Disaster Readiness 101

Posted by Dylan Taft on Monday, May 2nd, 2011 at 11:35am.

Recent events around the world, most recently in Japan, are a sobering reminder of the sheer strength and unpredictability of nature. The horrifying events that took place in Japan left the rest of us wondering, what if it happens here? Will I be ready?  Granted, the danger of a tsunami is not as great in America as it is in Japan. However there are a number of potential threats, both natural and man-made, that warrant caution. By following a few simple, logical strategies, you can help ensure the safety of you and your family in the unlikely event of a natural (or unnatural) disaster. 

Tsunamis

The threat of a tsunami on the scale of the one that struck Japan is not necessarily a constant here in the States. However our coastal regions and the Hawaiian Islands have the potential, albeit unlikely, for a tsunami strike. As Japan has shown, tsunamis are very dangerous and should be taken seriously. Heed Warnings – If you happen to live in a tsunami zone be sure to take weather warnings very seriously. If the order is given to evacuate or otherwise, you must do so no matter how minor the incident may seem. Know The Route To Higher Ground – You don’t have to have it mapped out, but it is wise to be aware of which roads in your area lead to higher elevations. In times of distress, it is easy to become disoriented and panic. If you know the way in advance, you’ll feel that much better. Save Yourself & Others, Not Your Possessions – Time is of the essence. Remember to take warnings seriously and keep in mind what is truly important in a dangerous situation.          

Earthquakes

Earthquakes are a more familiar threat to the United States, and some areas are very prone to them. It is always wise to remember a few of the basic rules of staying safe during an earthquake. If You’re Indoors – If possible, go to the ground floor. Try and move into a doorway, a corner, or against a wall. If possible, try and keep a distance from heavy appliances and furniture. If You’re Outdoors – Definitely stay outdoors! If you can, move away from any tall buildings or structures or trees. If You’re In A Car – Stop the car. Remain inside the car; they are designed to protect you. Only exit the car and/or begin moving if you are absolutely sure it is safe.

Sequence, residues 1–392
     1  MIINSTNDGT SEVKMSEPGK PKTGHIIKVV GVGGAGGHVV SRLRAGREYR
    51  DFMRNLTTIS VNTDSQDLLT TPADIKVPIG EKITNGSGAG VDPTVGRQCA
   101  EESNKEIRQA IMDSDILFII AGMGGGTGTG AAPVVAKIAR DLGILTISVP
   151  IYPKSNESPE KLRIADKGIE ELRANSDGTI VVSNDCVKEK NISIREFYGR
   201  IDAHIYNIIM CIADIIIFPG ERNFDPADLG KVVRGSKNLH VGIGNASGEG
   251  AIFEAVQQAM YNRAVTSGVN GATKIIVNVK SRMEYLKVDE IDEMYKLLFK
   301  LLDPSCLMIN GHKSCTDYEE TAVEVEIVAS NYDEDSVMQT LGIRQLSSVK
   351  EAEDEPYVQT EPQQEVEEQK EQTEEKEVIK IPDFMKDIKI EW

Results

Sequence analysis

Nuclear Incident – There are over 100 operating nuclear power plants within the United States. The good news is that the safety and technology is always improving, however Japan has shown us that nuclear power can still be very dangerous and should be taken very seriously. Distance Makes You Safer – If you are able to evacuate you must do so. The best way to avoid the danger of a nuclear disaster is to get as far away as possible. Can’t Evacuate? – You are better off remaining indoors if possible. If you can, close all doors, windows, and vents. Turn off any air conditioning, heating, or air-intake systems. Go to the basement or another underground area if possible. Also unless you have to, do not use a telephone.            

Tips To Remember - Of course the worst thing about a disaster is that you don’t plan it. If you find yourself in the middle of some unforeseen event, try and remember a few of the more general safety tenets to help you out. Be Aware of Exhaustion – If you can, give your body the proper rest as it will be extra strained in stressful situations. Eat Good If You Can & Clean Water Only! - Even if you don’t feel hungry it is good to eat regularly for sustenance. Do not drink water if you suspect it is unsafe, you’re better off without it. Wash Your Hands Thoroughly – Mom was right, even in emergency situations. Be Aware of NEW Safety Concerns – Has your landscape changed? Has something caught fire? Downed power lines, trees and disabled cars can all be potential hazards. Try And Avoid Areas Where You Smell Gas Or Fumes – Any gas or fumes may be either flammable and/or hazardous to your health. Do Not Attempt To Help Wounded Animals – As much as you may want to, the health of you and your companions must take priority above all else. A wounded animal can be dangerous, sick, and unpredictable.            

Hopefully you’ll never find yourself in the midst of some major disaster. If you do however, some simple safeguards and active awareness can go a long way to protect you and your family from harm. For more information on disaster awareness the FEMA website is very helpful and informative. 

3 Responses to "Disaster Readiness 101"

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